What do you get when you combine kangaroo, some quandongs, a box of native spices and 25 years of research?
You get an Australian indigenous cuisine cookbook.
The author? South Australian chef and Creative Native Foods founder Andrew Fielke.
While most might be more comfortable tucking thoughts, memories and outfits from the 80s away out of sight, Andrew has built a career around one integral thought he had in the 80s — what is Australian cuisine?
“What is it? Is it meat pies? Barbecue and Vegemite? That’s where it all came from,” he said.
His interest in Australian cuisine bloomed after a trip to Europe in the ‘80s where he said his understanding of what represented Australian food was brought into question.
“Native ingredients didn’t come into it until I came back and I was offered kangaroo meat and quandongs (to try),” he said.
“Soon after I tried the kangaroo and quandongs I was gifted a marvelous box of weird and wonderful ancient indigenous ingredients which had been used for tens of thousands of years by the Aboriginal community.
“I’d never even heard of them as an Australian and thought ‘wow we are really missing the mark here’. It was like opening up my eyes to a whole new cornucopia of ingredients.
“As a chef you try and be creative and do something different, I was bowled over by the awakening.”
This passion for all ingredients native drove Andrew in his career and in 2001 he left the restaurant business to open his wholesale food website Creative Native Foods.
Nineteen years later he and Brolly Books have published a cookbook that puts those weird and wonderful native Australian ingredients at the heart of every dish.
“It’s something that’s been on my agenda for 20 odd years,” Andrew said, admitting to not having the time to spare with the popularity and growth at the time of the Red Ochre restaurants.
The Renmark-raised chef is paving the way for commercialised home access to these ingredients and Andrew is adamant he will not exclude indigenous Australians from their fair share — particularly as many of these ingredients are inedible in the wild without taking measured steps that first Australians have honed over thousands of years.
“I feel very passionate about the fact that it’s their traditional cultural foods we are commercialising in the modern Western business environment,” he said.
“And I think it’s critical we do not rip them off and brush aside that knowledge and their story lines, it is incredibly important we work alongside them for their long term benefit.”
While Andrew has many expansion plans for Australian native cuisine, he said the first step with this book was raising awareness not only of the ingredients but the culture behind them.
“It’s starting to happen already — we’re getting some amazingly good comments about the book and sales are going well. We’re looking at reprinting already which is amazing in these times,” he said.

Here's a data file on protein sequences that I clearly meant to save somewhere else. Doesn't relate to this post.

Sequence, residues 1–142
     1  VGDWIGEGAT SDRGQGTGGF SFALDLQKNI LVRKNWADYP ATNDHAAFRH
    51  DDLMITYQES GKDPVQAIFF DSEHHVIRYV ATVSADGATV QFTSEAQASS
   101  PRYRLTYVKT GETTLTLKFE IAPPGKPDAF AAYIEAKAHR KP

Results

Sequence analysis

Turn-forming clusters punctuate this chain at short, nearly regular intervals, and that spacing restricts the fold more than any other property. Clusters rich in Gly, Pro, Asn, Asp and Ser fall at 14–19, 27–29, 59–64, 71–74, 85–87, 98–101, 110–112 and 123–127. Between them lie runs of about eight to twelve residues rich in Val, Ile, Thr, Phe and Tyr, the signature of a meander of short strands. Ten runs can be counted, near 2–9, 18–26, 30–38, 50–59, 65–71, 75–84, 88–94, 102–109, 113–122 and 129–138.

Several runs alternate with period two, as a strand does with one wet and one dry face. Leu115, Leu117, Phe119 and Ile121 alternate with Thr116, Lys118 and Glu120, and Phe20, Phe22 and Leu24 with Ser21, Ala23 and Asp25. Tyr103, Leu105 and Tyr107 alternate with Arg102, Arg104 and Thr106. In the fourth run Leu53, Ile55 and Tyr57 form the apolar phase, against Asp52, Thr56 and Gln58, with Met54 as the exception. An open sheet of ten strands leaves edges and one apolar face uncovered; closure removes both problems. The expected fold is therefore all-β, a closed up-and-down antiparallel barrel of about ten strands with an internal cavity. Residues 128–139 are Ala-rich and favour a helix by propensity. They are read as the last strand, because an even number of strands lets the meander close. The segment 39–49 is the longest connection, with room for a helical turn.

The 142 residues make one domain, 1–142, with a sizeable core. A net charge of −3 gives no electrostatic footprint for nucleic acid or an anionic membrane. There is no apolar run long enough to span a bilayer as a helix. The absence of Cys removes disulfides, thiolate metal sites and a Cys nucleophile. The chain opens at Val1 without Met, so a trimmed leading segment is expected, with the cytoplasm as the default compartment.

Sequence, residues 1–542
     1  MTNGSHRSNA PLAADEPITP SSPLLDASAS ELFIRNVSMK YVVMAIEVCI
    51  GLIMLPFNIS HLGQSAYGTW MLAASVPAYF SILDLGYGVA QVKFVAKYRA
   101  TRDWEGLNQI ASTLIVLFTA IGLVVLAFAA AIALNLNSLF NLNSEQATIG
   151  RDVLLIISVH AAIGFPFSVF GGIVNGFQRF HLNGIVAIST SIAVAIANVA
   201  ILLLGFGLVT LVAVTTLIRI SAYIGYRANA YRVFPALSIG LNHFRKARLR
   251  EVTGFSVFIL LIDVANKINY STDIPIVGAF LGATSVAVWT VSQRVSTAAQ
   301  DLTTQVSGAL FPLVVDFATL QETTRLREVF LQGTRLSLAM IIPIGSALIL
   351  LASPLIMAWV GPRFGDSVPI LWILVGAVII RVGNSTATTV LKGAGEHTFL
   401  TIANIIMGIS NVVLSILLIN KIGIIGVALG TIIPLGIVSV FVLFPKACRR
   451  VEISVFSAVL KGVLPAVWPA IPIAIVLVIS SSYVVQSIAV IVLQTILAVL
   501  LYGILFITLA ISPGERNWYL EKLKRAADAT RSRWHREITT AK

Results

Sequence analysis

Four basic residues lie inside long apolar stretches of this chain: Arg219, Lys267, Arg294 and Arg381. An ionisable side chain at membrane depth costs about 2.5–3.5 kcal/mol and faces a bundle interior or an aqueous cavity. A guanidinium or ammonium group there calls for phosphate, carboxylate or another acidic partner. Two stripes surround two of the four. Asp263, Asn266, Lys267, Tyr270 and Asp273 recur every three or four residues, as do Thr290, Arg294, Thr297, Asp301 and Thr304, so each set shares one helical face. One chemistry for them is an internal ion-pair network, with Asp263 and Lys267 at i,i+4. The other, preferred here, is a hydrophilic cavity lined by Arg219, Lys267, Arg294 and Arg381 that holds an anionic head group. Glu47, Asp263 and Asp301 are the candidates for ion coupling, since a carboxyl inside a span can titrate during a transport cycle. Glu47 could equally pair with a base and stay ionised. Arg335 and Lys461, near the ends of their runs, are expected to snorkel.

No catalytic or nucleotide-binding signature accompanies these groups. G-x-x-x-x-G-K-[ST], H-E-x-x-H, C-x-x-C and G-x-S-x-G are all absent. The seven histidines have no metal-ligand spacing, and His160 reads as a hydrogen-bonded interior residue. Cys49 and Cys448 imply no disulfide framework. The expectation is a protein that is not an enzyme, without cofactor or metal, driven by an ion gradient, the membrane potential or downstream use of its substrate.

Andrew said with the current movement of people having to stay at home more, particularly in Victoria and cooking at home more, it’s not just a time to read but a time to cook with family.
“What a great time that is to familiarise yourself with true Australian cuisine,” he said.
“This sort of thing encourages people to go out and buy these ingredients and get them in the garden, making them a part of their home cooking repertoire.”
It’s perfect for hunters to try as well, Andrew said as the native ingredients go so well with game meat it’s like a match made in heaven.
“We have so many ingredients, from gentle softer spices to full-on powerful flavours,” Andrew said.
“There is so much variation, but the bottom line is they do have a place with game meats and they suit the milder flavours to the strong robust flavours.
“And the great joys of hunting deer and growing wild foods is cooking at home for family and friends and enjoying the experience from paddock to plate as such.”
While the cookbook Australia’s Creative Native Cuisine has recipes covering meals from breakfast to dessert, appetisers included, with some recipes Andrew has been working on for most of his career, sadly it cannot cover every native ingredient there is.
“There’s an international food data base out there somewhere and it has something like 7,000 indigenous ingredients logged in it,” Andrew said.
“I’ve been using them for the last 20 years and have played around with 100 maybe 150.
“There is a long way to go.
“The joys of being a chef and being creative, any home cook who just loves new food and ingredients is you get excited when you have something new to play with.
“So, boy, when you’re faced with hundreds it’s a huge exciting challenge.
“The work will never be done in my lifetime.”
You can purchase Andrew’s cookbook Australia’s Creative Native Cuisine from the Creative Native Foods website creativenativefoods.com.au